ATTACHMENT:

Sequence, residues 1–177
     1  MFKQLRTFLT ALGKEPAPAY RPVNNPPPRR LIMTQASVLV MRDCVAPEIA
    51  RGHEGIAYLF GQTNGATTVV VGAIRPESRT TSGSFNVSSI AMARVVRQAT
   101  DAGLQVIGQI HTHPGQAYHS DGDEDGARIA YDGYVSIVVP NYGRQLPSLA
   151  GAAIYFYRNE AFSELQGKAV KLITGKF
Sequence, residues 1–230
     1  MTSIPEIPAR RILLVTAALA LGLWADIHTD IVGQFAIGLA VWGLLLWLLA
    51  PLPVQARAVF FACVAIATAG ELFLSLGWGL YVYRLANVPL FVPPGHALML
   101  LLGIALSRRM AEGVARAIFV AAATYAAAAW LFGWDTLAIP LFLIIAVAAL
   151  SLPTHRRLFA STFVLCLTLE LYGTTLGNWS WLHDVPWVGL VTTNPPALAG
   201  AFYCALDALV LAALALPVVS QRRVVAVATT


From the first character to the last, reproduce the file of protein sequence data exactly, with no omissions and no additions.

Sequence, residues 1–177
     1  MFKQLRTFLT ALGKEPAPAY RPVNNPPPRR LIMTQASVLV MRDCVAPEIA
    51  RGHEGIAYLF GQTNGATTVV VGAIRPESRT TSGSFNVSSI AMARVVRQAT
   101  DAGLQVIGQI HTHPGQAYHS DGDEDGARIA YDGYVSIVVP NYGRQLPSLA
   151  GAAIYFYRNE AFSELQGKAV KLITGKF
Sequence, residues 1–230
     1  MTSIPEIPAR RILLVTAALA LGLWADIHTD IVGQFAIGLA VWGLLLWLLA
    51  PLPVQARAVF FACVAIATAG ELFLSLGWGL YVYRLANVPL FVPPGHALML
   101  LLGIALSRRM AEGVARAIFV AAATYAAAAW LFGWDTLAIP LFLIIAVAAL
   151  SLPTHRRLFA STFVLCLTLE LYGTTLGNWS WLHDVPWVGL VTTNPPALAG
   201  AFYCALDALV LAALALPVVS QRRVVAVATT